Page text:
Plaque Type Equally Predictive of MI in Women and Men: SCOT-HEART

Low-attenuation plaque on CT predicts events in both sexes, so experts must seek other clues to improve women’s outcomes.

Plaque Type Equally Predictive of MI in Women and Men: SCOT-HEART

Quantitative plaque analysis, specifically the presence of low-attenuation plaque, is a robust predictor of cardiac endpoints in patients presenting with stable chest pain, no matter their sex, according to a new analysis of the SCOT-HEART trial.

A previous SCOT-HEART subanalysis confirmed the broad connection between low-attenuation plaque volume on CT and MI risk and strengthened the argument for using this imaging modality above other traditional risk scores and markers. The current findings, published online this week ahead of print in JACC: Cardiovascular Imaging, show sex has no effect on this association.

“For women who come to the hospital with stable chest pain, we know that there are differences—they are less likely to have atherosclerotic plaque of all the types compared to men,” lead author Michelle C. Williams, MBChB, PhD (University of Edinburgh, Scotland), told TCTMD. “But when they have their heart attacks—women who actually come to the hospital with a heart attack—those women have the same types of plaque and the same patterns of plaque compared to the men.”

Simply put, she explained, “when women come to hospital with symptoms of a heart attack, we should be treating them the same as men. Often we underestimate, don't think that we need to investigate, but the answer is we should do just as much as in men.”

Commenting on the study for TCTMD, Juan Lopez-Mattei, MD (MD Anderson Cancer Center, Houston, TX), agreed, noting that he was not surprised to see a lack of sex effect. “It definitely brings to our attention that the presence of low-attenuation plaque has to be seriously considered in symptomatic patients. And these patients perhaps will need way more-aggressive preventive care to reduce adverse outcomes,” he said.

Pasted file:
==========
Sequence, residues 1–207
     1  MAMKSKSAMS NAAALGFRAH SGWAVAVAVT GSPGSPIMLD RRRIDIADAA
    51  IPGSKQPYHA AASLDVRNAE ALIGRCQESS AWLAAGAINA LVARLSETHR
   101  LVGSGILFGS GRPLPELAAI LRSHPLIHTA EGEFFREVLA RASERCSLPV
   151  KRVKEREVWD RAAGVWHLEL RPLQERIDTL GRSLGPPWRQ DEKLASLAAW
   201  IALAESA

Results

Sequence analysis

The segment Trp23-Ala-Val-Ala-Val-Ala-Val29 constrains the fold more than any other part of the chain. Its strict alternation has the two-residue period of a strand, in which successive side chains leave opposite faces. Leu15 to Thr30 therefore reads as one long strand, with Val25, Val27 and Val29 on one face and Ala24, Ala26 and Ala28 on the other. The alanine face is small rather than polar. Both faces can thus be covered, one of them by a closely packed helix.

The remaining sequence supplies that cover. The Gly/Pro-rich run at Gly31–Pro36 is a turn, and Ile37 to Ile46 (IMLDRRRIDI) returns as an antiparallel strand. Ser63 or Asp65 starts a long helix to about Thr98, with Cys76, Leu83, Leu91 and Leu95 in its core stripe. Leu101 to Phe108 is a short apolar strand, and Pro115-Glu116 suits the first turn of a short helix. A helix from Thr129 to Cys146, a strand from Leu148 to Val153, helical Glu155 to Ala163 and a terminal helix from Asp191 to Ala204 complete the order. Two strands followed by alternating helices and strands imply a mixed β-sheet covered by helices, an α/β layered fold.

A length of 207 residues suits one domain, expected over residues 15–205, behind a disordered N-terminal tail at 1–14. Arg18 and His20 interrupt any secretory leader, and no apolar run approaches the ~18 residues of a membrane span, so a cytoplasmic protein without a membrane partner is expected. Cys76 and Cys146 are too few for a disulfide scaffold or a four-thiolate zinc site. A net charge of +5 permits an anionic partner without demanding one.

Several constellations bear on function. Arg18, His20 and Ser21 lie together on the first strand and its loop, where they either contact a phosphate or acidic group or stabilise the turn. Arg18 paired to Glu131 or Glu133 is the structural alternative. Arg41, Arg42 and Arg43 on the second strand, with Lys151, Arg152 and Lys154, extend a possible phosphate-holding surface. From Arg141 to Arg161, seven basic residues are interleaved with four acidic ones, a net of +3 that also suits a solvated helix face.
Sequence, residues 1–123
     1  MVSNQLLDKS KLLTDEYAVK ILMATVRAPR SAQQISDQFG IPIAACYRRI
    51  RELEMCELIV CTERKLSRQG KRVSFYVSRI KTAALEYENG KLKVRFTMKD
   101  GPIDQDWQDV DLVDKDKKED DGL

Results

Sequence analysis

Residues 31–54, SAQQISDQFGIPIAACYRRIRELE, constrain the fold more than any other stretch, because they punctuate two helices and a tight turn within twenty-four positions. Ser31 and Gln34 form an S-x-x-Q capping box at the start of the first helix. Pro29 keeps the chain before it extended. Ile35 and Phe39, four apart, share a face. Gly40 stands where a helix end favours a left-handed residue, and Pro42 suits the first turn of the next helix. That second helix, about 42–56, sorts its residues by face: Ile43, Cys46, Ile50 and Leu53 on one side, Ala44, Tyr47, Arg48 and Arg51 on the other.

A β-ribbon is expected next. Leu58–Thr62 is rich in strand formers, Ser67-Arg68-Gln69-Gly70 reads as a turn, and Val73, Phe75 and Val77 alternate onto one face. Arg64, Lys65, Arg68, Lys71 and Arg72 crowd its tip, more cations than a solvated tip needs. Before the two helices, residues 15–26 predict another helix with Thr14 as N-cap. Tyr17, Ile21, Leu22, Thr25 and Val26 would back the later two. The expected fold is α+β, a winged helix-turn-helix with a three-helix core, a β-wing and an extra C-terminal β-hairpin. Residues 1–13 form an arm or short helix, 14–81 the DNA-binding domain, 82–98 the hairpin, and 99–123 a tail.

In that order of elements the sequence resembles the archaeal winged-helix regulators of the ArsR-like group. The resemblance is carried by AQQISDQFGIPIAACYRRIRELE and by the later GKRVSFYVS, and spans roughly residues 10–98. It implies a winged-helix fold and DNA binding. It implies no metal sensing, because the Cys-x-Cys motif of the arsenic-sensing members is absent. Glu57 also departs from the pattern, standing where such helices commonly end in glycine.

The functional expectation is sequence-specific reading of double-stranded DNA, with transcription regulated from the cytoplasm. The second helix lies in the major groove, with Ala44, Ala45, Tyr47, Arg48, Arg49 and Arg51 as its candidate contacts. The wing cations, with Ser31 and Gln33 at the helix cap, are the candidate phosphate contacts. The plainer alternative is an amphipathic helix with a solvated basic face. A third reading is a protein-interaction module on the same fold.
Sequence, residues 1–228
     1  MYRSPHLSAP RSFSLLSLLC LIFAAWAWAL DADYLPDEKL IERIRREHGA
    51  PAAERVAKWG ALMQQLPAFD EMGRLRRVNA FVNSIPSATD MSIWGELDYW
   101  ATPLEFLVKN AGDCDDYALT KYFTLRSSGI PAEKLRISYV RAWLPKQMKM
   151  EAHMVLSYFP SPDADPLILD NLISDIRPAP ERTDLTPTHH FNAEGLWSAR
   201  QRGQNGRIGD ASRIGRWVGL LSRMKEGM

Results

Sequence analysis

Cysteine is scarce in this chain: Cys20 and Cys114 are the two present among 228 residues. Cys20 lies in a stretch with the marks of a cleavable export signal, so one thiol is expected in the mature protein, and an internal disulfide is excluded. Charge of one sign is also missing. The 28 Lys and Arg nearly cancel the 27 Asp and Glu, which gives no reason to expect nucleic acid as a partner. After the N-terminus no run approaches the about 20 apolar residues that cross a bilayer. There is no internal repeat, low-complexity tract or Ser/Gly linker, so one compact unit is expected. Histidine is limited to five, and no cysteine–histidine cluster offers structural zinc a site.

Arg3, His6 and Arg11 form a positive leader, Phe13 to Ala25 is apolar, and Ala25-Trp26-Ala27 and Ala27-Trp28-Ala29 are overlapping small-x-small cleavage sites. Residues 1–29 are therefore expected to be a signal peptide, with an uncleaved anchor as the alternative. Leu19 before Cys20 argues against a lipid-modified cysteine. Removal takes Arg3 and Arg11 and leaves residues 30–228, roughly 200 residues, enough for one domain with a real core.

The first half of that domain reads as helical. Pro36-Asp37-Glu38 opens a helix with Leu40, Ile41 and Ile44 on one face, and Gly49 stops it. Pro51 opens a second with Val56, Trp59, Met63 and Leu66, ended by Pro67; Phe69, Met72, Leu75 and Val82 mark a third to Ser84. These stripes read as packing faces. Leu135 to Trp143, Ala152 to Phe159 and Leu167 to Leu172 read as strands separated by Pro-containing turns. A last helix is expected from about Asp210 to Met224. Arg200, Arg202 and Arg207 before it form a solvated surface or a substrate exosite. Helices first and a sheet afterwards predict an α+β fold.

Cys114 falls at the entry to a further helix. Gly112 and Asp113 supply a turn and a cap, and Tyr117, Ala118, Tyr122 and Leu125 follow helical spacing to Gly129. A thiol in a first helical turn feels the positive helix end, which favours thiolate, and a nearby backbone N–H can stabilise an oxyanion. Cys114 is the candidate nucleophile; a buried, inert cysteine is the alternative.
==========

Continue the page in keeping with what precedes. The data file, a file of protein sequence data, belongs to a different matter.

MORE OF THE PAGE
For Kavitha Chinnaiyan, MD (Beaumont Health System, Royal Oak, MI), these findings confirm the need to shift focus away from simply comparing men and women toward a “biological understanding” of how disease manifests in each of those two populations. “Again and again we have had women being compared to men, and I think we need to move beyond that a little bit and compare women that have disease and bad outcomes to other women who don’t,” she told TCTMD, citing the possible roles of hormones and cancer therapy in cardiovascular disease. “I don’t think we have a good handle on why some women are more prone to bad outcomes than others.”

Lowdown on Low-Attenuation Plaque

For the study, Williams and colleagues compared outcomes between 772 women and 997 men who underwent coronary CTA as part of the SCOT-HEART trial.

Compared with men, women were more likely to have normal coronary arteries; were less likely to have adverse plaque characteristics; and had lower total, calcified, noncalcified, and low-attenuation plaque burdens (P < 0.001 for all). Women were also less likely to have a quantitatively-assessed low-attenuation plaque burden > 4% (41% vs. 59%; P < 0.001).

The 1.4% of women who experienced MI over a median follow-up of 4.7 years had similar total, noncalcified, and low-attenuation plaque burdens as the 3% of men who had MI. However, the men had higher calcified plaque burden.